What a crappy week. Really, it was a crappy week. I developed a miserable head cold, and I have this wonky shoulder thing going on. I have to do push-ups from the knees. Not that there is any shame it that, but do you know how hard I worked to get to full-form push-ups?? HARD. I worked hard. And now I'm on my knees. Harumph.
Anyway, this week was a good indicator of how often I tend to comfort myself with food. 'Oh, I feel lousy. I'll have some dark chocolate/greek yogurt with maple syrup/carby yumminess, etc.' No can do on the 21DSD. So I've had to stare down my addiction.
But the good news is, I'm winning! Cravings have diminished and... I've lost 3lbs. So that's nice.
I've also become quite intimately acquainted with the almond....
Anyway, I've been keeping almond milk in my fridge for a few years now. I never drink it straight, but use it in place of cow's milk pretty often. I'd never tried making it on my own before, but since I'm not eating sugar, I have a little more time on my hands. (That's sad. I know.)
Here's how you do it:
Start with two cups of raw almonds.
Soak almonds in water for about 8 hours. This may seem like an unnecessary extra step, but soaking the almonds disables the anti-nutrients. Nuts contain enzyme inhibitors, which can make them difficult to digest. They also contain a component called phytic acid, which binds to minerals, preventing your body from properly absorbing them. If you're just grabbing a few nuts as a snack, it's probably not a big deal, but if you're consuming a lot of nuts, it's a good idea to soak them first.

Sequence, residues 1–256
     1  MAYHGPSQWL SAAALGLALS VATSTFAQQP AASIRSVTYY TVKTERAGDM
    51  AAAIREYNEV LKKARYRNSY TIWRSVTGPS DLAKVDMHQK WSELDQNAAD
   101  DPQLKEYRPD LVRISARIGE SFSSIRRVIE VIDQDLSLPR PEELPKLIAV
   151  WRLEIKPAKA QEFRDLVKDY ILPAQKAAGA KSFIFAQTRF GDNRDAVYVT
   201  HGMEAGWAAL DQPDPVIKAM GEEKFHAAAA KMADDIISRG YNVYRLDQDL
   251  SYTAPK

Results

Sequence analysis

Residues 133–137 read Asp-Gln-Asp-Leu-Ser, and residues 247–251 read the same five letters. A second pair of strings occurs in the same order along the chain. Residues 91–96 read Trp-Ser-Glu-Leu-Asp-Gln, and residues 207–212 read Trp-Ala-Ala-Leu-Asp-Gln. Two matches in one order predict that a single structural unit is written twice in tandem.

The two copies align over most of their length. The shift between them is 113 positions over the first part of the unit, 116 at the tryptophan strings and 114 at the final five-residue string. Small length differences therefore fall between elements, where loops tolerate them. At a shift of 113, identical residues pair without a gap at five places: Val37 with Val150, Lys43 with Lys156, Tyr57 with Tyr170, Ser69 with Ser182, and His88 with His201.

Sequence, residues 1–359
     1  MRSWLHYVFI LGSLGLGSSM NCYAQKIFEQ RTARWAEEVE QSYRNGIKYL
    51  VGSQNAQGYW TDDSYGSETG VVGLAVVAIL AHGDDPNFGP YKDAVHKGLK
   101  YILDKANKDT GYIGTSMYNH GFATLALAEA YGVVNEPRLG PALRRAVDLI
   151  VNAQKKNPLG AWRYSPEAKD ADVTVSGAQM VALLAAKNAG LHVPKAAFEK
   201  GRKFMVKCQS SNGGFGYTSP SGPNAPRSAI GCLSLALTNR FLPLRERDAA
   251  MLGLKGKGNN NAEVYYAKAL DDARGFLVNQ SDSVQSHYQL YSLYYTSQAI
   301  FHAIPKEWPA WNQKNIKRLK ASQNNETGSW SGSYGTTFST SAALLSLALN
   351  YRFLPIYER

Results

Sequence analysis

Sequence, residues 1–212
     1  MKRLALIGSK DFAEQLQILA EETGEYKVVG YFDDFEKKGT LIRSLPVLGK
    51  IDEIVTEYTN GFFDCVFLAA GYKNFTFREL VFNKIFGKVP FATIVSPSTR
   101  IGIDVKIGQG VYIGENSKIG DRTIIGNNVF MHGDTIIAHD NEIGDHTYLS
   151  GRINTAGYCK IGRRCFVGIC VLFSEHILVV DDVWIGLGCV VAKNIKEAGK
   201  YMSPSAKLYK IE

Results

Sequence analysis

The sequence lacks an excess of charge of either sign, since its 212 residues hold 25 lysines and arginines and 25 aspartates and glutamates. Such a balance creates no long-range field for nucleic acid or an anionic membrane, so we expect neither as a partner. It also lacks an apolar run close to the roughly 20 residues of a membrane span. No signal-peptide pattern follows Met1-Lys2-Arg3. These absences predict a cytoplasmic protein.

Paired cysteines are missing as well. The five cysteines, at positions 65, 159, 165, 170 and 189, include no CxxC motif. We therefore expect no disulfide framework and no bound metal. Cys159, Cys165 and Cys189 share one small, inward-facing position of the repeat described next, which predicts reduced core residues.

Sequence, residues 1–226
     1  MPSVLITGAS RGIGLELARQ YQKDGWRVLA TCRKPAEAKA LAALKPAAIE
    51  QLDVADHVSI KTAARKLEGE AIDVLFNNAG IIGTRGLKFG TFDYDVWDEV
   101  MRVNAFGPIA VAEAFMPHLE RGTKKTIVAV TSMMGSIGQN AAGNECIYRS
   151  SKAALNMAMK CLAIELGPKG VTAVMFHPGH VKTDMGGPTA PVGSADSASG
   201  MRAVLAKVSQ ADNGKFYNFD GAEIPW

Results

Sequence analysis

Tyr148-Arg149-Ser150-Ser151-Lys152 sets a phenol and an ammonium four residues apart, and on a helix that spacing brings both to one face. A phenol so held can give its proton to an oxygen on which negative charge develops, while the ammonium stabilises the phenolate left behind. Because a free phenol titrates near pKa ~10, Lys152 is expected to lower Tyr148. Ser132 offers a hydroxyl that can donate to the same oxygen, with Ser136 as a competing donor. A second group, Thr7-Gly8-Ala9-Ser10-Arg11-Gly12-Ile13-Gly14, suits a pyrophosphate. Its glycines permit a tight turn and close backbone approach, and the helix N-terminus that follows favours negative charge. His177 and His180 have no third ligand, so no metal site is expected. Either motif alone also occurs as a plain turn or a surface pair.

Mix 'em up! After soaking, drain the water, rinse the nuts and place them in a high-speed blender with three or four cups of water. (The 21DSD recipe calls for three cups, but my mixture was really thick, so I added a little more.)
Blend until smooth. I recently bought a Vitamix, and it worked great for this! I'm not sure how this would fly in a regular blender, so... blend at your own risk.
Next, you strain the mixture through cheesecloth or a nut milk bag. If you think you'll do this a lot, I'd highly recommend a nut milk bag. I bought this one. It's makes the whole thing much easier. And, as you'll see, it has other uses, too.
Squeezing out the nut milk is probably the hardest part of the whole process, and it's really not that hard. It's also great for developing grip strength. Silver lining!
You're left with the pulp in the bag, which you can dry out in an oven or dehydrator. Pulse it a few times in a food processor to break up any lumps, and you can use it as almond meal in a host of grain-free baking recipes.
Well, I had so much fun making my almond milk, that I wondered...
How it would be as yogurt??
I've been making my own yogurt for years, but I'd never tried it with anything other than cow's milk. I found these directions online and gave it a whirl. The only thing I'd add is to strain the finished yogurt through cheesecloth or nut milk bag for up to 24 hours, depending on how thick you like your yogurt.
Of course, I can't add my beloved maple syrup to my almond milk yogurt right now. So I'm using it in my 21 DSD smoothies. It makes them almost like ice-cream!
'Almost' being the key word.
Before I go, I do want to mention an everything-in-moderation caveat to nut consumption. Properly prepared, nuts can be a great addition to a healthy diet, but be forewarned--if you're using lots of nut flours and milk, you could be consuming kind of a ridiculous amount. Almonds contain polyunsaturated fatty acids (PUFAs), and most of us get plenty of PUFAs already. Not that PUFAs are bad, you just don't wan to consume too much... like so many other things in life.
So, there you go. Enjoy, but don't go... well, nuts. (sorry... couldn't resist...)